Personal Injury Blog
Personal Injury Blog
Could you be at risk of carbon monoxide poisoning?
Latest Blogs by Author
Now that the coalition between the Conservatives and the Liberal Democrats has been formed and their intended policies are becoming clearer, we can form some idea of what might happen regarding inheritance tax.
Perhaps inevitably on the death of a very wealthy superstar, there has been much comment in the media on the terms of Michael Jacksons Will, details of which have already got into the public domain.
It has been reported that two men have been found unconscious at a house in the West Midlands following a carbon monoxide leak, and a woman and her two children are being treated at a hospital in Lincolnshire after breathing in carbon monoxide fumes. Earlier this month Cornwall Fire and Rescue Service said that it has seen more than a five-fold increase in carbon monoxide poisoning cases over the last 12 months.
With so many reports of people suffering from the effects of breathing in this carbon monoxide, more needs to be done to raise awareness and ensure that people know how to protect themselves from carbon monoxide poisoning within the home.
Carbon monoxide is a highly poisonous gas that has no colour, taste or smell. It is totally invisible to the human senses. When carbon monoxide is inhaled, it enters the bloodstream and prevents red blood cells from carrying oxygen. Without oxygen, body tissue and cells die.
The most common causes of carbon monoxide poisoning are poorly fitted or maintained domestic fossil fuel-burning heating or cooking appliances that have blocked or leaking flues. Tell-tale signs of a carbon monoxide leak include yellow or brown stains or soot marks on, or near, an appliance, a pilot light that keeps going out, more condensation than normal on the inside of windows or a yellow flame instead of a blue one (apart from on flueless fires).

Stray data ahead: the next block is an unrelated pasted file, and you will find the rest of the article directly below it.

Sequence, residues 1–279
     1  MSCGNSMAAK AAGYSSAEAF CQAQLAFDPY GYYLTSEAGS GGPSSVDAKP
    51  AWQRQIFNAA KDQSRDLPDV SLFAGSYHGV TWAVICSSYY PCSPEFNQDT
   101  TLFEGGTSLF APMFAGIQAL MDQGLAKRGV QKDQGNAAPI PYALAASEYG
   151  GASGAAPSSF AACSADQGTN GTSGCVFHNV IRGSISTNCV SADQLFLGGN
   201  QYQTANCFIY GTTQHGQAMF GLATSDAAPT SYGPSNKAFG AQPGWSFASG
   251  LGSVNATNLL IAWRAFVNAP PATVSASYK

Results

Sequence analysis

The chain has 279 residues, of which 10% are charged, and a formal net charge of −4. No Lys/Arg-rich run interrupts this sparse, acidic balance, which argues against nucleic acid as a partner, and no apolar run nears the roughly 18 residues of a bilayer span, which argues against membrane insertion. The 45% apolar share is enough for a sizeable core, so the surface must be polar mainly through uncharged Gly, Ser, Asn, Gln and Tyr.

Common symptoms of the inhalation of carbon monoxide include headaches, dizziness, feeling or being sick, tiredness or drowsiness, stomach pain and difficulty breathing. The longer the period of time in which the carbon monoxide is inhaled, the more severe the symptoms will become.
If you think you have a carbon monoxide leak, switch off the appliance and don’t use it again until an approved engineer has checked it. Tell your GP even if you do not feel unwell and ask for either a blood or breath test to check for carbon monoxide poisoning.
0800 840 4929